The rent is paid on the theater and the actors in this drama continue to get their salaries whether anyone is sitting in the seats or not. Let’s hope they wake up and see that the only ones watching their spectacle are the stagehands and the media sycophants hanging around the dressing rooms. Sadly, the audience has long since left the building and is looking elsewhere for solutions. If this political production had opened on Broadway, it would have closed months ago and the actors would be looking for work elsewhere. If only…

The Blogger’s Bible

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I’ve noticed a few of my recent followers are newbies to the Blogging Community.  I could write a post and tell you what I have learned about blogging, but most of what I have learned, I learned from Kristen Lamb in her book “Rise of the Machines.” I highly recommend it to any blogger or author who is making their foray into the world of social media. It is a great resource, not only for blogging but also for publishing.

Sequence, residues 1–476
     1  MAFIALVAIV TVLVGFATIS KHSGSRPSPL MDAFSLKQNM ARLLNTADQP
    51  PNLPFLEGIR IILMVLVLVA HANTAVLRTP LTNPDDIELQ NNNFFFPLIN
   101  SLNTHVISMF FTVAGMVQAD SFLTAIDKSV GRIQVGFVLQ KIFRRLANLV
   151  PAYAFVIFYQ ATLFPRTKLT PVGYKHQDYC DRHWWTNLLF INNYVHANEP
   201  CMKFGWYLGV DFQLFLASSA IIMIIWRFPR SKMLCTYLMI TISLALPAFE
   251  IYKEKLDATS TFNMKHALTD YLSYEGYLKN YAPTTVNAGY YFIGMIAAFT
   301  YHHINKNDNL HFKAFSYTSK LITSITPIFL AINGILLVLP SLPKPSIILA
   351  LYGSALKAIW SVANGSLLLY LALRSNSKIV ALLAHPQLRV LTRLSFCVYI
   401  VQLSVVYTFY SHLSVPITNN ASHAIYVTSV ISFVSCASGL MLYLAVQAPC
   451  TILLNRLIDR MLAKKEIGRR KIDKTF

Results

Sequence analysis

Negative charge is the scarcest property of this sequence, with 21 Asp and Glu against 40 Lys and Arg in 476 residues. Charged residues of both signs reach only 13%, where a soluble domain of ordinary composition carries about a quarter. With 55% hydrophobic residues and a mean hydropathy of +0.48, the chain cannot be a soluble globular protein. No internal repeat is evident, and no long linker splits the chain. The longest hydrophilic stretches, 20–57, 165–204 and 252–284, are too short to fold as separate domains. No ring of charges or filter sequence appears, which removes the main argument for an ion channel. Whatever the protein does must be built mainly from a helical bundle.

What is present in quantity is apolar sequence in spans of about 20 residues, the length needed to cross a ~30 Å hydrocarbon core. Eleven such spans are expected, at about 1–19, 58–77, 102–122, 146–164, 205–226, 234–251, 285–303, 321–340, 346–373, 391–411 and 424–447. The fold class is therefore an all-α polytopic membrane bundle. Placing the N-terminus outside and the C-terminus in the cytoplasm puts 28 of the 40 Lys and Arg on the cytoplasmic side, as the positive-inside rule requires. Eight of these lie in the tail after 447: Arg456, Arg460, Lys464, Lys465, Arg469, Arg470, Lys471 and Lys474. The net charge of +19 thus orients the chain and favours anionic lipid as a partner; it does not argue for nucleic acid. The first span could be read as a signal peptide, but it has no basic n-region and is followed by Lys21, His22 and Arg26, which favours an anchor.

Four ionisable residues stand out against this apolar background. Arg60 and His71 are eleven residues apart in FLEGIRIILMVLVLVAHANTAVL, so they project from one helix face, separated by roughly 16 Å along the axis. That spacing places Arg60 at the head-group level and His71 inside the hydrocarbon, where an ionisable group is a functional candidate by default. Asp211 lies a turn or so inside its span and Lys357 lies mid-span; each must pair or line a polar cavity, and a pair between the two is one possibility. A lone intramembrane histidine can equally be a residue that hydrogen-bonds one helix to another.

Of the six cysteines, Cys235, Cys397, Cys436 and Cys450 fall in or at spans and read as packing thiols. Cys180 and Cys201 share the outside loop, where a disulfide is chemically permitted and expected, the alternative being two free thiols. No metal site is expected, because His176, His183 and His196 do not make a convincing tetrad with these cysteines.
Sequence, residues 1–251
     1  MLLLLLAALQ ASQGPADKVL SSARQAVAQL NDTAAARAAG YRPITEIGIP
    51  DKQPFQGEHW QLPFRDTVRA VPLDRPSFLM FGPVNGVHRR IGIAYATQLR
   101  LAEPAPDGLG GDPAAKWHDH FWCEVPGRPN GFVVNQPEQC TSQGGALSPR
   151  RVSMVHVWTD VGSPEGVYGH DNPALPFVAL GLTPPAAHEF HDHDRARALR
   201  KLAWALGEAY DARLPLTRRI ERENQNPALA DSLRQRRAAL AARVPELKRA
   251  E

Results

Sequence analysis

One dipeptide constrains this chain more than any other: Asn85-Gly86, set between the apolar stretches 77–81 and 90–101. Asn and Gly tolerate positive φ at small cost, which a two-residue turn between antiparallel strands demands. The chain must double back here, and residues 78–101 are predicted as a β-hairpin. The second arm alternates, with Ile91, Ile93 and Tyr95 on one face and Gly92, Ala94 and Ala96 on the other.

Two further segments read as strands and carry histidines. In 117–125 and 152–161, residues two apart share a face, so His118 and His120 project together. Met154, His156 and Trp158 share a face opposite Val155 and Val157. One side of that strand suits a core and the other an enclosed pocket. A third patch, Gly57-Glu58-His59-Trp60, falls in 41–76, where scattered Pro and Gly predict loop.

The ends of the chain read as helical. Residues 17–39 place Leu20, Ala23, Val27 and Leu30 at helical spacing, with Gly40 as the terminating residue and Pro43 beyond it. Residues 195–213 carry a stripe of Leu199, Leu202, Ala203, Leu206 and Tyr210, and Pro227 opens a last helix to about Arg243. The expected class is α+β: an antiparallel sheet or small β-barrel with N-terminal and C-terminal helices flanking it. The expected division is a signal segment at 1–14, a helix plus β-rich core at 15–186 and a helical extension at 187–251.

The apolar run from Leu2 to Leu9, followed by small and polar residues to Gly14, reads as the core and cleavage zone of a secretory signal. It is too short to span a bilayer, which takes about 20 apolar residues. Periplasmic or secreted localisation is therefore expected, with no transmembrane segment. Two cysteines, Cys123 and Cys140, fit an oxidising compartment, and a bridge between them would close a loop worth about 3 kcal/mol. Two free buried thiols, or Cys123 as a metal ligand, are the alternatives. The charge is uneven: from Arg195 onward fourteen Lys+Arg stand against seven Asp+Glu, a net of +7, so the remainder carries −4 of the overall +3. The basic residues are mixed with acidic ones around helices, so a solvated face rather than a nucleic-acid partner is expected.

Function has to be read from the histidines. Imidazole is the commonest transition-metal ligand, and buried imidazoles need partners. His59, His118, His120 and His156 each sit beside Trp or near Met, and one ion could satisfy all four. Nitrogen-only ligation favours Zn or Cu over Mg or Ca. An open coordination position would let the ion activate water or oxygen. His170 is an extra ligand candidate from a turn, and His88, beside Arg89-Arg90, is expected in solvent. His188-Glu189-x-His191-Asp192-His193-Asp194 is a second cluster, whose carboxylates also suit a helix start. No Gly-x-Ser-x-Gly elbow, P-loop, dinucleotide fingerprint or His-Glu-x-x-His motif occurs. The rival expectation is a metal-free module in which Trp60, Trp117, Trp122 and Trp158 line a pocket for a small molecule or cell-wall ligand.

This week, my blog hit 500 follows. I want to thank everyone for the follows. God Bless! I have so enjoyed meeting you and reading your posts!

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Exit Wounds

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When we think of exit wounds, we usually think of wounds created by projectiles, such as bullets. They go straight through the body creating an entrance wound, an internal wound and an exit wound. That’s how we view them in a physiological sense.

Have you ever suffered an exit wound in an emotional  sense? What is an emotional exit wound? It is the wound you suffer when you leave a person or group of people. Just as a projectile creates a wound to our bodies, an emotional projectile creates a wound to our souls. What might that look like?